Even though nearly every player will be prepared to play against Night March, I still feel that I can overcome any obstacle that I may find in my may with the deck. Night March has every trick up its sleeve and has nearly every tech available to its exposal. My favorite being Marshadow-GX, being able to one shot a Zoroark-GX (which I absolutely expect to play against at least six times out of my nine rounds).

 

So the idea of this deck is ... hehe, as if you didn’t know already. Night March has been recently deemed as one of the most destructive and influential decks in the history of Pokemon. So if you haven’t heard of this deck by now, I’d say it’s about time you climb out from underneath your rock.

Key Cards

Night March (Attack)

As you all know, Night March deals 20 damage for each Pokemon with the Night March attack in your discard pile. With twelve Night Marchers in your deck, having discarded eleven means you’re attacking for 220 damage. With a Choice Band attached, you're dealing 250 damage OHKOing anything in the game!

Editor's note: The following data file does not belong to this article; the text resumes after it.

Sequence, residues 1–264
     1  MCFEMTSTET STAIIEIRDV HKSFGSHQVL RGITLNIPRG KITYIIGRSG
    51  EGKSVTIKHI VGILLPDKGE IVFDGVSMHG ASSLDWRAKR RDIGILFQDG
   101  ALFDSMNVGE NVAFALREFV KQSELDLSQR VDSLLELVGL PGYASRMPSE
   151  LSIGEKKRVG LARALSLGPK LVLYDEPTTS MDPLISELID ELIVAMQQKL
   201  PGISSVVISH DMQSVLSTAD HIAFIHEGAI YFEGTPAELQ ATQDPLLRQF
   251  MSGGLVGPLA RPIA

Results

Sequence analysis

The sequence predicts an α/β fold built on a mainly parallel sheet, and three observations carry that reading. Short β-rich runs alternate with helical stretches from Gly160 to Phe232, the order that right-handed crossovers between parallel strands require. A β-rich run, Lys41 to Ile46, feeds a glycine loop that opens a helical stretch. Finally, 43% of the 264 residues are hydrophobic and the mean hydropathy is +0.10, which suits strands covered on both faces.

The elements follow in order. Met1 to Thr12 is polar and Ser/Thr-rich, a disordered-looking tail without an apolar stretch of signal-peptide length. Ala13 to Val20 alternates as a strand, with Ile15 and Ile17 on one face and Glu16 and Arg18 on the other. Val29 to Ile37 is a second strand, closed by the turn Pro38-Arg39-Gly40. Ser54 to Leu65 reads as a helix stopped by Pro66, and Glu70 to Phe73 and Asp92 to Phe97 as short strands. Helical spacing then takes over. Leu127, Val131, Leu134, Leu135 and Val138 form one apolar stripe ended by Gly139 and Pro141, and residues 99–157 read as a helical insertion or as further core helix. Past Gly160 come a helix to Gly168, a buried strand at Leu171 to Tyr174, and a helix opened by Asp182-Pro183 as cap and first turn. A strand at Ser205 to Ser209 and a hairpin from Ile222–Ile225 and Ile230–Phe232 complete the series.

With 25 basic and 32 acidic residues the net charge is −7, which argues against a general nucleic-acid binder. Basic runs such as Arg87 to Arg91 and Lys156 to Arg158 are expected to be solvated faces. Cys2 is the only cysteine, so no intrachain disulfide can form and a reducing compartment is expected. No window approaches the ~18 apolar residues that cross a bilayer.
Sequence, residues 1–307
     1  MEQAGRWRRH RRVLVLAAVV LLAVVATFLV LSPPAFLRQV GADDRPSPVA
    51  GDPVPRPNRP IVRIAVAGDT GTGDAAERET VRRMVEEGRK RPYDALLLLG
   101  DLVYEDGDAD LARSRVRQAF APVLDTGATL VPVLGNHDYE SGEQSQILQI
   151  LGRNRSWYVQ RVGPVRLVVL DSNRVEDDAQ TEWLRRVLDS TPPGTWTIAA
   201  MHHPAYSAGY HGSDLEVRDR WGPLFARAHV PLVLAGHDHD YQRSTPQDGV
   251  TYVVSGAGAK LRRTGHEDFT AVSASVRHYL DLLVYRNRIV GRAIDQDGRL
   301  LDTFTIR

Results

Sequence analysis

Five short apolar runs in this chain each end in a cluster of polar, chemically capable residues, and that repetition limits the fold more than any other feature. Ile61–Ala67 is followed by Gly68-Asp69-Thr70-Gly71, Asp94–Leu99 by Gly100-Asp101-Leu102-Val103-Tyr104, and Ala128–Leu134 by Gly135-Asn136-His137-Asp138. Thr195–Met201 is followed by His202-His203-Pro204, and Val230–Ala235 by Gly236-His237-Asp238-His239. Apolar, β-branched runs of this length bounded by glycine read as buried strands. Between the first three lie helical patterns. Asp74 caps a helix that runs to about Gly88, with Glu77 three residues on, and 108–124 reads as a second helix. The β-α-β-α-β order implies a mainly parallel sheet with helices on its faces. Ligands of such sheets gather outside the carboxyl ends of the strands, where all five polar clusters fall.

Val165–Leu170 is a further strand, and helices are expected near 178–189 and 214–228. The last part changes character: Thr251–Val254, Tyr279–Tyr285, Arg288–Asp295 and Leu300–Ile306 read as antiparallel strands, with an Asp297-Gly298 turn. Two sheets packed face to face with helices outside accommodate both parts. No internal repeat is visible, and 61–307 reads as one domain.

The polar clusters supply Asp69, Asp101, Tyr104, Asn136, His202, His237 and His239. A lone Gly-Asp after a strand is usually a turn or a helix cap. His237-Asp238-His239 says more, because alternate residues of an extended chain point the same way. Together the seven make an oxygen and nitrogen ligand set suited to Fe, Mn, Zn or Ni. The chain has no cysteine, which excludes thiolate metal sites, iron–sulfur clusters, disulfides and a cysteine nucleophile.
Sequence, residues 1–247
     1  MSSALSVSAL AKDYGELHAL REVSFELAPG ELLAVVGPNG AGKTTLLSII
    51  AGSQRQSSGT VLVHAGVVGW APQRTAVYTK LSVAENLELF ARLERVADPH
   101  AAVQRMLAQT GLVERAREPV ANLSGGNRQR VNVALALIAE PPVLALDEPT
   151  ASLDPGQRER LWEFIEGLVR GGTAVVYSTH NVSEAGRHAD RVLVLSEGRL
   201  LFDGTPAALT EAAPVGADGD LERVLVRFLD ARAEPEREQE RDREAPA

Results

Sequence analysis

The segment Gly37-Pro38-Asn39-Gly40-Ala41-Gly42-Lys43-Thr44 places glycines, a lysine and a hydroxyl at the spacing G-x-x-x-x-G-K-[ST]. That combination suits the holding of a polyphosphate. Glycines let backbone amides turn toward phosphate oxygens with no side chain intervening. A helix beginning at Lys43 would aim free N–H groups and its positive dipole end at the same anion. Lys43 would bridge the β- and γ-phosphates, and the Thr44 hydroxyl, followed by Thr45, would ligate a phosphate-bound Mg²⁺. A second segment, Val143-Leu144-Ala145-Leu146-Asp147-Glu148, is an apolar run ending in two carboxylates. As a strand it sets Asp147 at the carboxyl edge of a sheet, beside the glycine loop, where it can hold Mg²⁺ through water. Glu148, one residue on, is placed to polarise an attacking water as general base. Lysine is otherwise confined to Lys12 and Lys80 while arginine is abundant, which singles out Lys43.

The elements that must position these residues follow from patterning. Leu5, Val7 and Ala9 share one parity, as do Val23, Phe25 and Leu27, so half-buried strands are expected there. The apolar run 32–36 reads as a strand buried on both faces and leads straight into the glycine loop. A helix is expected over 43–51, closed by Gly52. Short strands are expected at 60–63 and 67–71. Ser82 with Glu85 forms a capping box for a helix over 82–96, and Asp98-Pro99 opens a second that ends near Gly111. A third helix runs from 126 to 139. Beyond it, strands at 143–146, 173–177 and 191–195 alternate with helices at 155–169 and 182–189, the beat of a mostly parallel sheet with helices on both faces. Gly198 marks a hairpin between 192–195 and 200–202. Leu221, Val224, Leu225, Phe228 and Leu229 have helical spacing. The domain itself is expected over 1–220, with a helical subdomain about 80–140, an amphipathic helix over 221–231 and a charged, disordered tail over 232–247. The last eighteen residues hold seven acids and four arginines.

Marshadow-GX

Marshadow’s ability, Shadow Hunt, is the reason this card sees play at all, allowing it to use the attacks of any Basic Pokemon in your discard pile. So, as long as you have a single Joltik in your discard pile, Marshadow GX can copy the Night March attack, making it easier to discard additional Night Marchers than you would without this Pokemon in the deck. Just like Fates Collide Mew, but as a Fighting Type, meaning that it easily OHKO’s a Zoroark-GX, which again, is in every single deck in expanded. The only two downsides to this Pokemon are that it has a mediocre 150 HP, and for a two-prize attacker, is quite risky. Amd the other being that while it can copy Pumpkaboo’s attack from the discard pile, Marshadow doesn’t gain any aid from Dimension Valley, meaning that you’d have to attach two Double Colorless Energy to Marshadow-GX to copy Pumpkaboo’s Night March attack.

Zoroark GX